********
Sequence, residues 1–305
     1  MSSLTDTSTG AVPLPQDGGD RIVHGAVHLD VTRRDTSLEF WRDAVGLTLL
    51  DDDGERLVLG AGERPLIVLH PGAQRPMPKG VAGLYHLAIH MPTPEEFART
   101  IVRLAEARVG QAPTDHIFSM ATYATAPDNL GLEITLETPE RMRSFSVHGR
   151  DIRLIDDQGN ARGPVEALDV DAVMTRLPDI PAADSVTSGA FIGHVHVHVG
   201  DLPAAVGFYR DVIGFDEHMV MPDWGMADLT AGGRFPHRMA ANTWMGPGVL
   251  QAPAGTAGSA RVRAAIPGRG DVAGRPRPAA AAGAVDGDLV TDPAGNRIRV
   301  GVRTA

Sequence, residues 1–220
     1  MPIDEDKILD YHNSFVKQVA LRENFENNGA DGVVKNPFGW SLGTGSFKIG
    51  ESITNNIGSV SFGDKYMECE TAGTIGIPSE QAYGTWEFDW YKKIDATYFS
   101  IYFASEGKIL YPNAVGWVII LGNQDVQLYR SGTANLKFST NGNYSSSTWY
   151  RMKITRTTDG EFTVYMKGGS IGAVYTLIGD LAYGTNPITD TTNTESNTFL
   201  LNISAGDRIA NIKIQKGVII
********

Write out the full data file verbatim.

Sequence, residues 1–305
     1  MSSLTDTSTG AVPLPQDGGD RIVHGAVHLD VTRRDTSLEF WRDAVGLTLL
    51  DDDGERLVLG AGERPLIVLH PGAQRPMPKG VAGLYHLAIH MPTPEEFART
   101  IVRLAEARVG QAPTDHIFSM ATYATAPDNL GLEITLETPE RMRSFSVHGR
   151  DIRLIDDQGN ARGPVEALDV DAVMTRLPDI PAADSVTSGA FIGHVHVHVG
   201  DLPAAVGFYR DVIGFDEHMV MPDWGMADLT AGGRFPHRMA ANTWMGPGVL
   251  QAPAGTAGSA RVRAAIPGRG DVAGRPRPAA AAGAVDGDLV TDPAGNRIRV
   301  GVRTA

Sequence, residues 1–220
     1  MPIDEDKILD YHNSFVKQVA LRENFENNGA DGVVKNPFGW SLGTGSFKIG
    51  ESITNNIGSV SFGDKYMECE TAGTIGIPSE QAYGTWEFDW YKKIDATYFS
   101  IYFASEGKIL YPNAVGWVII LGNQDVQLYR SGTANLKFST NGNYSSSTWY
   151  RMKITRTTDG EFTVYMKGGS IGAVYTLIGD LAYGTNPITD TTNTESNTFL
   201  LNISAGDRIA NIKIQKGVII